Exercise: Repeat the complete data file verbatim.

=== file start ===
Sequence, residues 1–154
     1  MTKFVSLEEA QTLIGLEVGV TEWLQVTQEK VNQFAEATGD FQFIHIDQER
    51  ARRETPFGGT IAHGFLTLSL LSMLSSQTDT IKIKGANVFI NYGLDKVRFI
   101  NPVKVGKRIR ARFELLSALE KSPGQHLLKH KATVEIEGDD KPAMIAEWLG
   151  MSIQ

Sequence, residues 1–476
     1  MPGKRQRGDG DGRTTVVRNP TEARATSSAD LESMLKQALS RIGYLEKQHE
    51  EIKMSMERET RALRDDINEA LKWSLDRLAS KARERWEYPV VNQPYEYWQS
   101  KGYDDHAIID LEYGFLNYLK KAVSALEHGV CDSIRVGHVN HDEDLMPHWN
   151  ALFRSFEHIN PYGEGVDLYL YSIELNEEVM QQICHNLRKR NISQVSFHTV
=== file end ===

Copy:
Sequence, residues 1–154
     1  MTKFVSLEEA QTLIGLEVGV TEWLQVTQEK VNQFAEATGD FQFIHIDQER
    51  ARRETPFGGT IAHGFLTLSL LSMLSSQTDT IKIKGANVFI NYGLDKVRFI
   101  NPVKVGKRIR ARFELLSALE KSPGQHLLKH KATVEIEGDD KPAMIAEWLG
   151  MSIQ

Sequence, residues 1–476
     1  MPGKRQRGDG DGRTTVVRNP TEARATSSAD LESMLKQALS RIGYLEKQHE
    51  EIKMSMERET RALRDDINEA LKWSLDRLAS KARERWEYPV VNQPYEYWQS
   101  KGYDDHAIID LEYGFLNYLK KAVSALEHGV CDSIRVGHVN HDEDLMPHWN
   151  ALFRSFEHIN PYGEGVDLYL YSIELNEEVM QQICHNLRKR NISQVSFHTV